The second section describes the relevance of the various theoretical approaches to the financial market. Neoclassical theory conceives of the financial market as a financial intermediary in which savings are the principal source of financing for banks, that is, they are ex ante savings equal to investment. This argument is a fundamental part of the efficient market theory, in which the current price of any financial bond is a good estimate of its intrinsic value, that is, prices fully reflect all information available. However, financial bubbles have contradicted the idea of an efficient market. There are also works introduced by Keynes, Minsky and Toporowski. The former two authors reject the idea that the capital market grants financing and accept that it is a space for intermediation. This is in contrast to the efficient market theory, which believes that the market provides earnings and liquidity for non-liquid assets, which would imply that prices are not an expression of their intrinsic value. Minsky’s work recognizes that financial markets are unstable and changing stock prices have an impact on the economic cycle. Finally, the book presents the theory of financial inflation, which maintains that the capital market is not related to financing investment and that the interest rate is a distributional variable determined by the central bank. The second section offers two perspectives on how financial markets function. The neoclassical version leaves no space for imbalance, while the other recognizes the instability of financial markets. The author is inclined towards the latter, which would seem correct and is of great theoretical value by strengthening and enriching the discussion of these topics.

The final section provides an empirical study of the economic and financial situation in Mexico, Argentina, Chile and Brazil starting with the implementation of neoliberal policies, and with that, the opening of capital accounts. Financial deregulation modified exchange rates, interest rates, credit amounts and the inflow and outflow of financial capital, breaking the borders of national economies to the benefit of foreign capital. The outcome of this new accumulation process was reflected in the diversification of financial assets and the predominance of financial capital in productive activities. It demonstrates that despite the fact that capital accounts were opened, the results were not as expected and neoliberal policies did not produce the desired effect to develop stock markets in Latin America.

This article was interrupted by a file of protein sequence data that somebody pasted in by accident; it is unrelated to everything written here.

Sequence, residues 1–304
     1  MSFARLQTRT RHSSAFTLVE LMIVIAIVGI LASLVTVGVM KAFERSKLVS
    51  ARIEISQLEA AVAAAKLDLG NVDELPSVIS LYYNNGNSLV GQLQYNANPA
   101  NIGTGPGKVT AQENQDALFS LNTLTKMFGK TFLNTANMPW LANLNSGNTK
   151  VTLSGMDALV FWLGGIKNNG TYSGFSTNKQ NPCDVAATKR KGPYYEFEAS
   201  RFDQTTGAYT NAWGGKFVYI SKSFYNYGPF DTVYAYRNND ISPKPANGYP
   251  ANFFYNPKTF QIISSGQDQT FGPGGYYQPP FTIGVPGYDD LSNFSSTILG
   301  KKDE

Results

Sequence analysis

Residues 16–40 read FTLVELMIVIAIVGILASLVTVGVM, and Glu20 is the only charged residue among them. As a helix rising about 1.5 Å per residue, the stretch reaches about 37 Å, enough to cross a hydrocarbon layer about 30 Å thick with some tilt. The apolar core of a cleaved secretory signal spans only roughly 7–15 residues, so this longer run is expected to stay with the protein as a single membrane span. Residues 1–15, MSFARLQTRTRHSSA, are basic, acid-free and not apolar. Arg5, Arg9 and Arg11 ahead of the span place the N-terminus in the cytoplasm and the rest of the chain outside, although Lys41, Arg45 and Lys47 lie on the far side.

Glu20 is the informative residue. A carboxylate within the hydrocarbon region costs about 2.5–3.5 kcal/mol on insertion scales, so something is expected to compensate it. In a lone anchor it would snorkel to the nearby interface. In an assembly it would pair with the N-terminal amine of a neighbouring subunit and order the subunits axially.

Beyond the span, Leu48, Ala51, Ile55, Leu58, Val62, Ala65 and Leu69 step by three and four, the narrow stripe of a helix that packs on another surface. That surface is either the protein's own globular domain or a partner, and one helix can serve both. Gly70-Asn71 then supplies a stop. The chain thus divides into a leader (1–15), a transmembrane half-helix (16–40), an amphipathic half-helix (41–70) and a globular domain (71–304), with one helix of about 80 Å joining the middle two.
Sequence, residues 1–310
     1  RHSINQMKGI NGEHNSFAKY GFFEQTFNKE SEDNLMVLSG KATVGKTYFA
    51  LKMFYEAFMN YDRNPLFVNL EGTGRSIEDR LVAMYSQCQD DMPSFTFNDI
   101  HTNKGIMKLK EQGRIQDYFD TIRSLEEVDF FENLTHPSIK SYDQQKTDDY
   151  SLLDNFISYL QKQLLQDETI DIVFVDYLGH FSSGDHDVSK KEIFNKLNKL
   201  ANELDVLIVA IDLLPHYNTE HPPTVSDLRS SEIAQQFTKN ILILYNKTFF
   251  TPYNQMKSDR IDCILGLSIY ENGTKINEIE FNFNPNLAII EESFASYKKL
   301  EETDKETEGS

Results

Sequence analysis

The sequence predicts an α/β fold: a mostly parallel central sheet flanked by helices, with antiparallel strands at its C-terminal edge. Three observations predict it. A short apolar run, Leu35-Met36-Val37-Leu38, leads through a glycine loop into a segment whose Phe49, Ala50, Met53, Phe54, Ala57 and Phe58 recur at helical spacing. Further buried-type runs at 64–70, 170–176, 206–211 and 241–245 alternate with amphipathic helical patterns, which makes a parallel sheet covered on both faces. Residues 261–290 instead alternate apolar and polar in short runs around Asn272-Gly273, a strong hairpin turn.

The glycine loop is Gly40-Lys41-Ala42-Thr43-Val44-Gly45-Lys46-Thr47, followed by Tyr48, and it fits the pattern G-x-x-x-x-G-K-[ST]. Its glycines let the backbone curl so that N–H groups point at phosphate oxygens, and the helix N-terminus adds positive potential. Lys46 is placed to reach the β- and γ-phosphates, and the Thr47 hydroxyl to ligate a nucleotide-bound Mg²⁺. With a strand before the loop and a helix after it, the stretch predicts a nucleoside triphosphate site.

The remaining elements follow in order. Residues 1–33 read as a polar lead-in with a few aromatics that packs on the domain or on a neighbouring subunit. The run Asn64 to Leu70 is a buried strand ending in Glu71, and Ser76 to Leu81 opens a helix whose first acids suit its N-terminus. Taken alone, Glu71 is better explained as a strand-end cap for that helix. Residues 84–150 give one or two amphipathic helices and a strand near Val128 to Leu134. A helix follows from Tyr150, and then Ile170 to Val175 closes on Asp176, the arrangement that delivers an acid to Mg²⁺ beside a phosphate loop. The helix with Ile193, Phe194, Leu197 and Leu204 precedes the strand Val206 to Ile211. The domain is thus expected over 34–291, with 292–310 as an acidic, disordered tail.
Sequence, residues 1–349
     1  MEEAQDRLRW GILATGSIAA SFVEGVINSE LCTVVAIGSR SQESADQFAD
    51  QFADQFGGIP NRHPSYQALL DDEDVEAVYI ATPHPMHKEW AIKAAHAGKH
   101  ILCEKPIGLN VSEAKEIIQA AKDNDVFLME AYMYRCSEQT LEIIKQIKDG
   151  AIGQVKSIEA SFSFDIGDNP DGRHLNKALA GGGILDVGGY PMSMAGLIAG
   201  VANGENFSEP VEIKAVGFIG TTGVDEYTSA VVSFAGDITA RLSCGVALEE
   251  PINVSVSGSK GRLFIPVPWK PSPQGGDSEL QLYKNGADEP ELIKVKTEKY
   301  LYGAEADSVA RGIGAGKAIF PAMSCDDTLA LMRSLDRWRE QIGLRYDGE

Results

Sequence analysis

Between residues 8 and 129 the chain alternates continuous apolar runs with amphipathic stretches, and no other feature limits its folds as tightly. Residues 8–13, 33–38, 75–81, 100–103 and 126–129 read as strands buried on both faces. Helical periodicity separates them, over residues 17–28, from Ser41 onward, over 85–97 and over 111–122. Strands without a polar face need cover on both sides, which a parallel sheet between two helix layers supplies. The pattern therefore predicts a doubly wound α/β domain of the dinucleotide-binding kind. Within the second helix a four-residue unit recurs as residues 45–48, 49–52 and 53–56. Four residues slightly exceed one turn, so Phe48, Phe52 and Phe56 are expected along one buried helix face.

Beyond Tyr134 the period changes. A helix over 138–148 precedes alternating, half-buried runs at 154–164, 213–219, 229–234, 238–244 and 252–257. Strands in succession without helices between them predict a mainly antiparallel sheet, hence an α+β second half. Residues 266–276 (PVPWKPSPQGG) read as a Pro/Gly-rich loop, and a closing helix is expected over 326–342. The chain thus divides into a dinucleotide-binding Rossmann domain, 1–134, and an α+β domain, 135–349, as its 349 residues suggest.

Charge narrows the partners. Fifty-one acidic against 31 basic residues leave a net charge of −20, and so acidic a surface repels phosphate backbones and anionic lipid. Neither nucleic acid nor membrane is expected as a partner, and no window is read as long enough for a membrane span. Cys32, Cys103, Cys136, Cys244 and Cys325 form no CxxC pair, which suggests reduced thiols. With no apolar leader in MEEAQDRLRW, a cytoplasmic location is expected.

The last section of the book analyzes the economic situation in Mexico in great detail, starting with the weakening of the import substitution model in the 1980s. Just like in the rest of Latin American countries, the Mexican economic structure was redefined based on the needs of foreign financial capital. Policies began to focus on opening many of the productive sectors by liberalizing manufacturing imports, the autonomy of the central bank and the entry of financial banking and non-banking multinational companies, restricting national control in various areas. Despite this economic opening, the financial system did not develop as it did in developed countries, nor did the financial institutions become mature enough to deploy sophisticated financial innovations. The author argues that “accumulation in the period of financial capital domination maintains the structural problems of the period of economic regulation, which are: financial and technological dependence and uncompetitive prices that limit economic growth.” In other words, the virtues promised by neoliberal policies were not attained. Rather, dependency on foreign physical and financial capital flows increased.

Consequently, this book’s major contribution resides in its combination of different theoretical perspectives and, based on a theory in which the monetary and financial spaces are relevant, it also offers an empirical analysis, thereby providing a complete overview of monetary and financial topics.

Isabel Rodríguez
Freie Universität, Germany

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PROBLEMAS DEL DESARROLLO. REVISTA LATINOAMERICANA DE ECONOMÍA, Volume 49, Number 195 October-December 2018 is a quarterly publication by the Universidad Nacional Autónoma de México, Ciudad Universitaria, Coyoacán, CP 04510, México, D.F. by Instituto de Investigaciones Económicas, Circuito Mario de la Cueva, Ciudad Universitaria, Coyoacán,